Posted by: patenttranslator | November 25, 2018

My Initial Comparison of the Cost of Living in Chesapeake, Virginia, and České Budějovice, Czech Republic

Why did I move back from the green coast of Eastern Virginia to the country where I was born and lived for the first 28 years of my life, after spending 38 years abroad, mostly in the United States? Well, there was a number of reasons for that, not just one, of course.

My adult sons have left our household more than a decade ago, they live thousands of miles away and I would see them perhaps only once or twice a year. They don’t need me anymore, and I will probably still see them once or twice a year even where I live now, at least I hope so.

After 34 years of marriage, we decided to call it quits and my ex-wife will be returning to Japan to be with her elderly mother. I loved living in Japan when I was young but I would not want to do that at this point in my life.

I missed Bohemia a lot when I lived in California and then in Virginia. That was another potent reason for me to move again, this time back to where I came from. But the main reason was of course economic.

I calculated that to be able to stay in United States and continue living the same lifestyle as before also in retirement, I would need to make about 3,000 dollars in addition to my Social Security income, which I started receiving 2 years ago. I can do that relatively easily at the moment and I also have savings that would last me maybe a couple of years if I had to use them. But what if I get sick, for example, what then? Even though I like what I do for a living, there should be a point in my life, just like in everybody’s life, at which I should be able to stop working altogether like most people, n’est-ce pas?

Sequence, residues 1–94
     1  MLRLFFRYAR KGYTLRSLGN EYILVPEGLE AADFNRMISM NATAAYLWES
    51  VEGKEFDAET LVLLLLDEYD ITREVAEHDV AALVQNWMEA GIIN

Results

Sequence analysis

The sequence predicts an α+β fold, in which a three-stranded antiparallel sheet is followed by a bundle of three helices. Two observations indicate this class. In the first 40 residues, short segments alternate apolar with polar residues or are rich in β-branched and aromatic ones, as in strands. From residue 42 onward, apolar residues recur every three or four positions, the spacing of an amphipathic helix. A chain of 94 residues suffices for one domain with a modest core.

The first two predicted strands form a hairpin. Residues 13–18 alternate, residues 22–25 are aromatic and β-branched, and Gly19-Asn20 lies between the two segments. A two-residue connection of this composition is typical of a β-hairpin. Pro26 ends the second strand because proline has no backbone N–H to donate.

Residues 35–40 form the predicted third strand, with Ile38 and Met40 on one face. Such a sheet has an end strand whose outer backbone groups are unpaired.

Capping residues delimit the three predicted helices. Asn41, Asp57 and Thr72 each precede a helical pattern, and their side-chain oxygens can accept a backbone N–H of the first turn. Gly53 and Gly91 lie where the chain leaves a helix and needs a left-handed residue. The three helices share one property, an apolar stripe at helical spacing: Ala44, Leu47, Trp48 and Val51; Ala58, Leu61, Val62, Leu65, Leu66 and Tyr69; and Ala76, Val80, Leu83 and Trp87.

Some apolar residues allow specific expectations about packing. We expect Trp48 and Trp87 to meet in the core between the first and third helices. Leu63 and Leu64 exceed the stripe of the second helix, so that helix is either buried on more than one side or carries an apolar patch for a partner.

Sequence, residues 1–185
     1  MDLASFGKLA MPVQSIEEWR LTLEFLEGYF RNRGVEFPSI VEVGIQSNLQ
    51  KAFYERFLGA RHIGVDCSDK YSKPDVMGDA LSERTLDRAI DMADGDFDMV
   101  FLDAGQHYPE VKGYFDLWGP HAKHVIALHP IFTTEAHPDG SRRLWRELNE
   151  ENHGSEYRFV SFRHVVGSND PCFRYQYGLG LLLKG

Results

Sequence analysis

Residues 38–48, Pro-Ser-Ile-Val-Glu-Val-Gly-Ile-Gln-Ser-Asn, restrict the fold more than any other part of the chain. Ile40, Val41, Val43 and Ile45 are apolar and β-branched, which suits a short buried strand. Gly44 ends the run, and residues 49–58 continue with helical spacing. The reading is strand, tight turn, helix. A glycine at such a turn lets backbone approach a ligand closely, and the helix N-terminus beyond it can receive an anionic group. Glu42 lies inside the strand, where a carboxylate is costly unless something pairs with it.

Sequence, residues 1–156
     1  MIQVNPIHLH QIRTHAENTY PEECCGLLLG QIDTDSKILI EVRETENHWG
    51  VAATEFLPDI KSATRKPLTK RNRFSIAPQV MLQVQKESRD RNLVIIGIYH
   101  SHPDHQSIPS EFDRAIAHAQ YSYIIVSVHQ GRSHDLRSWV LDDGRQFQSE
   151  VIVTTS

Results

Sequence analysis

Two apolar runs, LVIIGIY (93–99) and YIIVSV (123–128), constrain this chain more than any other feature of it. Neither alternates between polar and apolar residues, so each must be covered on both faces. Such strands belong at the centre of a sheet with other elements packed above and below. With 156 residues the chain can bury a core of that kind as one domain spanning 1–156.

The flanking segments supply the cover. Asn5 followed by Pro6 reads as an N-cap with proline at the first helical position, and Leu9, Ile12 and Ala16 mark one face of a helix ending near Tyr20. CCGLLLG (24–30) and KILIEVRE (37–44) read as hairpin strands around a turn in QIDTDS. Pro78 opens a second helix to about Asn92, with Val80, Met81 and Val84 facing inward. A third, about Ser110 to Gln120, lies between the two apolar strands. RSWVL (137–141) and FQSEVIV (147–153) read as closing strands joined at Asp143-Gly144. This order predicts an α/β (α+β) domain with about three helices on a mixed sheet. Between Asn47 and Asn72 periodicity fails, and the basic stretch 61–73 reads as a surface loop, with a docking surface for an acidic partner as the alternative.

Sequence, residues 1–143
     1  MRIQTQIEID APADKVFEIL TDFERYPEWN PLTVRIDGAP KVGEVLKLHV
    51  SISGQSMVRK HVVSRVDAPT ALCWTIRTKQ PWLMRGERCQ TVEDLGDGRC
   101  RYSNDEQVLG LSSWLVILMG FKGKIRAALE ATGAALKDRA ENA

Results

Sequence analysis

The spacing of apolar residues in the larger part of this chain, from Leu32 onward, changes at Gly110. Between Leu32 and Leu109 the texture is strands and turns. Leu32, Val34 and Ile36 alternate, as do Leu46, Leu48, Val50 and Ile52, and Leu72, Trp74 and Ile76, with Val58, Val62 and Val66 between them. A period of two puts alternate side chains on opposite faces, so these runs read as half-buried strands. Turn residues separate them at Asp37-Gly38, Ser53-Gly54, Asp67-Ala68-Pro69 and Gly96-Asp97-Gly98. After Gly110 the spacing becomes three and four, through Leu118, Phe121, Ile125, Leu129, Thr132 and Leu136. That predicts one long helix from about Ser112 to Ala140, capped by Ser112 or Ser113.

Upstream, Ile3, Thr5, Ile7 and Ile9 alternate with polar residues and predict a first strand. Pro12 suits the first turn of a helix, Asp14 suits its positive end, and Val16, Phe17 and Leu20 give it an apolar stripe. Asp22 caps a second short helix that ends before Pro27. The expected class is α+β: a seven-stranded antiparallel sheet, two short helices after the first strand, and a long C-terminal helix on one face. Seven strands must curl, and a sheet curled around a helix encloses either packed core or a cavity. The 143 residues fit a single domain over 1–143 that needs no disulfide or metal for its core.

There are many countries in this world where the Yankee dollar goes quite a bit farther than in the US of A, so I decided to join the hundreds of thousands or perhaps millions of seniors who moved abroad to be able to live in retirement off a somewhat limited fixed income, often just Social Security.